Aravind Adiga, Time Magazine’s Asia Correspondent, in his debut novel takes us on an unexpected journey of emerging India through his protagonist Balram Halwai. Now, just the choice of his protagonist sends tinkles to us that this book is going to be something different. Balram is not a politician, philosopher, high school graduate, lover, sportsperson, lawyer, thug or any other common characters that we read about often. He is a driver. Yes, the protagonist is a driver, our White Tiger.
Balram is a driver to Mr. Ashok, the son of a rich landlord whom Balram refers to as the ‘Stork’. ‘The Autobiography of a Half-Baked Indian’ is what Balram calls his life story. Born in the village of Laxmangarh to Vikram Halwai, a rickshaw puller, Balram talks about living in ‘Darkness’ till he sees the light of the capital city of Delhi when he is sent with his master Ashok and his wife, Pinky Madam. Being in servitude, ‘Rooster Coop’ as he calls it, he exposes the rot beneath the glossy front of the so called rich.
Balram begins his story in the form of seven letters to the premier of China, Wen Jiabao who is to be coming to India to hear the success stories of some of the Indian entrepreneurs. Balram, a self accomplished entrepreneur, feels that this is the time when he needs to narrate his story and expose the truth behind several things that exist in our country.
In his crude voice, he very flatly states that there are only three nations that he admires: China, Afghanistan, and Abyssinia as they never let themselves be ruled by foreigners. He, of course doesn’t has any admiration for his own country. The sarcasm in his voice can also not be ignored as he says, “future of the world lies with the yellow man and brown man now that our erstwhile master, the white skinned man, has wasted himself through buggery, mobile phone usage, and drug abuse.” It is this sarcasm, crudeness, cynicism, and wit that makes the readers keep the pages turning.
He gives us an account of how poor people die in government hospitals due to endemic corruption, how the people of the “Darkness” are always ruled by powerful landlords, he also gives an account of rigging of elections, and the votes of the poor being cast by their masters. They are aware of the exploitation and the unfair means but nobody wants or perhaps doesn’t have the courage to break out from the ‘coop’. The main reason he begins writing letters to the Premier of China is that he wants to educate the premier to not be fooled by any of the promises that politicians make to him on his visit to India.
Balram is determined not to rot in the tea shop that he started with his cousin, Kishan. Instead, he learns to drive and lands a job with the local landlord. When landlord’s younger USA returned son Ashok, moves to Delhi in order to easily bribe government officials, Balram stays back in Delhi with him. He often overhears his conversations and decides that he will do anything to not be a servant anymore. For achieving this, he makes some immoral decisions, and kills his master Ashok. He runs away with his money and makes a break for freedom. After escaping without getting caught, he moves to Bangalore where he starts his own taxi company. The lessons of bribery that he had learnt from his master are well utilized by him in order to become successful.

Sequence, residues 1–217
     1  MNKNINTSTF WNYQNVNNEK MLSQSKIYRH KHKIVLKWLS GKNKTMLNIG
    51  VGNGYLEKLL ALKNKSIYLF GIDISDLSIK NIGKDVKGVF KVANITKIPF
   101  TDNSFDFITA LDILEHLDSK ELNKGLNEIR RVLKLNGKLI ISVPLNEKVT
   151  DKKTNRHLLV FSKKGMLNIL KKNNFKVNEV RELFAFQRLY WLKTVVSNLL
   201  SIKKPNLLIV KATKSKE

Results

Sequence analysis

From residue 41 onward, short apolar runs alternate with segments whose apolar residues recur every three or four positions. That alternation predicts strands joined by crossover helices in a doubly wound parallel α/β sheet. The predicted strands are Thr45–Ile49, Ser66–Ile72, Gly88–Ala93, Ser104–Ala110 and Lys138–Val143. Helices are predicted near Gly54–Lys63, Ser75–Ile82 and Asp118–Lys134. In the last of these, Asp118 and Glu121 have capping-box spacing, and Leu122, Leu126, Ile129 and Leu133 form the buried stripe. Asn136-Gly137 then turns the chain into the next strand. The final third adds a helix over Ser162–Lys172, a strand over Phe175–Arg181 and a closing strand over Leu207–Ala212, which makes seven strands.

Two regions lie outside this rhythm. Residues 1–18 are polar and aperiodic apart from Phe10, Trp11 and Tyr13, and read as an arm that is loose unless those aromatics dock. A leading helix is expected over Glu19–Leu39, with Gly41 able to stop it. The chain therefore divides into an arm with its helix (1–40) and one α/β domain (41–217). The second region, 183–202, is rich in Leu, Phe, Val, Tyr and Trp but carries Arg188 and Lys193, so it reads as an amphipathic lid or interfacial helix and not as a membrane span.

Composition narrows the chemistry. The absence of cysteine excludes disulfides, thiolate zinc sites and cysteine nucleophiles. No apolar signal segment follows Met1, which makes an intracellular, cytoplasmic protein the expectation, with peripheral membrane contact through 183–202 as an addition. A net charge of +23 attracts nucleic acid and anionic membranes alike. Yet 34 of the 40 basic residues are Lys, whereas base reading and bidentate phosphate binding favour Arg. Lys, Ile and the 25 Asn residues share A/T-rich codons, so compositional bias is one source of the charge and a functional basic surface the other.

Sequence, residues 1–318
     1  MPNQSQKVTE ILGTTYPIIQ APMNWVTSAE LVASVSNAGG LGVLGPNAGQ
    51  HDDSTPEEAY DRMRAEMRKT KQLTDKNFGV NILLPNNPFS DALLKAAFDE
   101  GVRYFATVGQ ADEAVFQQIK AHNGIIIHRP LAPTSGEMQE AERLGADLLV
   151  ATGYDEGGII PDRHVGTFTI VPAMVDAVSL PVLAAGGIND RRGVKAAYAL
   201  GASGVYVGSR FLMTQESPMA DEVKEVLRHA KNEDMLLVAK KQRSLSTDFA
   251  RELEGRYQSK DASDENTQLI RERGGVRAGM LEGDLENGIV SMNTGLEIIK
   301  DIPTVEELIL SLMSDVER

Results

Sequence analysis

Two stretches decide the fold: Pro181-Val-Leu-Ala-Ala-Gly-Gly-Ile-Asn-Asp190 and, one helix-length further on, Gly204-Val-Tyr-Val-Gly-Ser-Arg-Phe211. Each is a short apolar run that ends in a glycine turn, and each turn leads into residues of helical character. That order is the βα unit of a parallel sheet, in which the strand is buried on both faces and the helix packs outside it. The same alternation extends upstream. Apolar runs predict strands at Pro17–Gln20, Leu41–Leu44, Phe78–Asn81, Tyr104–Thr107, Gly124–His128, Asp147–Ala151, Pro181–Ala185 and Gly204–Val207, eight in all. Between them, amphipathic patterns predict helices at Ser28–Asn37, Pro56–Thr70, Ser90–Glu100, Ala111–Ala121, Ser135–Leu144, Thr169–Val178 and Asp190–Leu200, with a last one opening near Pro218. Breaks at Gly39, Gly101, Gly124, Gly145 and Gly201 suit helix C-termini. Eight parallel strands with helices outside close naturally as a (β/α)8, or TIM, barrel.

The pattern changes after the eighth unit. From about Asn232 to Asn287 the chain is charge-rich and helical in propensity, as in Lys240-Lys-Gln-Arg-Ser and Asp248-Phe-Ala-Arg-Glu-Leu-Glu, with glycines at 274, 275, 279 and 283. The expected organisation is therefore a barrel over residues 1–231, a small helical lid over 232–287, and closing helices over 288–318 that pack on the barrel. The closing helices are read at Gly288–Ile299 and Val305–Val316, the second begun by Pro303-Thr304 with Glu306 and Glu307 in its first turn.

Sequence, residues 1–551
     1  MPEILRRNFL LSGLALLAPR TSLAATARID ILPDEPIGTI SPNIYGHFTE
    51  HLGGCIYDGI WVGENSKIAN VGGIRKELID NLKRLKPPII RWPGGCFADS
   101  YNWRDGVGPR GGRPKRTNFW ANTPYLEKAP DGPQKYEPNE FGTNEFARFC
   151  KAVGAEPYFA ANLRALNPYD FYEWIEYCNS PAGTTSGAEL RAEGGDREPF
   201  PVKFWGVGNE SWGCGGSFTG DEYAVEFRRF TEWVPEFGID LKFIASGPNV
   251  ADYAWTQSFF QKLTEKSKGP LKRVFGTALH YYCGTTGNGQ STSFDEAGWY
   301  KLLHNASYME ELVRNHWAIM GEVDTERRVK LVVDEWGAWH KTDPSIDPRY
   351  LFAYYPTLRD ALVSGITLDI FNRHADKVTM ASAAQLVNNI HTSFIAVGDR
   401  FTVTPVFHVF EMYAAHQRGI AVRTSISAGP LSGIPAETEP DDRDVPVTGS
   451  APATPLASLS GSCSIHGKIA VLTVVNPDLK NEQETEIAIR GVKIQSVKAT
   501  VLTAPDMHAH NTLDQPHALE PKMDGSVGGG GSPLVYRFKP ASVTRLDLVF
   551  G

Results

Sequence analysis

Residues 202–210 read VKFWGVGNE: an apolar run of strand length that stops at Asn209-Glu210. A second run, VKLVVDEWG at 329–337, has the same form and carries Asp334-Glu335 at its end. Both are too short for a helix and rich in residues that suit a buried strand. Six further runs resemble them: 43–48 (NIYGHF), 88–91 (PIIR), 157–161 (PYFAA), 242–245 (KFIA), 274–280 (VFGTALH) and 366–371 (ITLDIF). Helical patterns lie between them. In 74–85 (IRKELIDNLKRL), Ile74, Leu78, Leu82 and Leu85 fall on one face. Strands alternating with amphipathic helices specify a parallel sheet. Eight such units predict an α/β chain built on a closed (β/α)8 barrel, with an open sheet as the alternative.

The picture of India that is shown in the White Tiger is of cruelty and unfairness. The message that the author is trying to shout out loud in this book is that though India has gained freedom in 1947 but still majority of us are in servitude. Be it the rich landlords, politicians, employers, we are just serving others. Everything is on sale for a person who has rolls of green bundles. The author has portrayed a very realistic picture of India and that is what makes this book different from the others that talk about the Shining India.
The character of Balram is very believable. He tries hard to live up to his nickname of White Tiger (name given to him in school during inspection as he was the only one who could read and write). His character and his grit are very strong. He is not on a lookout for India’s reformation, all he wants is to live to the name of white tiger and break free. He may be uneducated but he knows perfectly well how the world works. The author takes us inside Balram Halwai’s mind and also succeeds in showing the reality of middle and lower class households. The book is sheer fun. There are times when you hate it but it definitely touches the deepest chords of the readers. It’s an eye opener!